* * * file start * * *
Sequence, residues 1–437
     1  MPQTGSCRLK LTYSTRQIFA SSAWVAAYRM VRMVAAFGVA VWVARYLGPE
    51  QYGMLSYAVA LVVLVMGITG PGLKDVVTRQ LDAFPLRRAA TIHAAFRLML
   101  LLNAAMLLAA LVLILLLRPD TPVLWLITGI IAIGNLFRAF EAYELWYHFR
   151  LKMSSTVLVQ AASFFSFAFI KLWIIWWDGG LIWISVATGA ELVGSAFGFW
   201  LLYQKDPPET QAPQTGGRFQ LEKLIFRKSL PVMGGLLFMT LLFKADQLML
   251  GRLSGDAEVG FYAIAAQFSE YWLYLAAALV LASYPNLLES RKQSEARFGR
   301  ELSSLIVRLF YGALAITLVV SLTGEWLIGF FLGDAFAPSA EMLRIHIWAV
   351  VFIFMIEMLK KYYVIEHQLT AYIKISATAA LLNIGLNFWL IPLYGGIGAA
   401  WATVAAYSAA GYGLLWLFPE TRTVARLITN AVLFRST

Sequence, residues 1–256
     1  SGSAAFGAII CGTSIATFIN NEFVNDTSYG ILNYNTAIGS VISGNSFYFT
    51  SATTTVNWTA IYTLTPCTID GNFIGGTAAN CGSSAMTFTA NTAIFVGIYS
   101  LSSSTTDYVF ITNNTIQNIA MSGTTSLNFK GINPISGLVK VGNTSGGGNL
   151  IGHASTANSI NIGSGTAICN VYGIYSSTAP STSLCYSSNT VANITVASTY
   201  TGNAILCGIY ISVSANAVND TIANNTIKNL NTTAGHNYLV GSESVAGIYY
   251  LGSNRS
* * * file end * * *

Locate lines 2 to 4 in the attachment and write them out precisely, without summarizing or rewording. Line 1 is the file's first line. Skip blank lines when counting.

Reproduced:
     1  MPQTGSCRLK LTYSTRQIFA SSAWVAAYRM VRMVAAFGVA VWVARYLGPE
    51  QYGMLSYAVA LVVLVMGITG PGLKDVVTRQ LDAFPLRRAA TIHAAFRLML
   101  LLNAAMLLAA LVLILLLRPD TPVLWLITGI IAIGNLFRAF EAYELWYHFR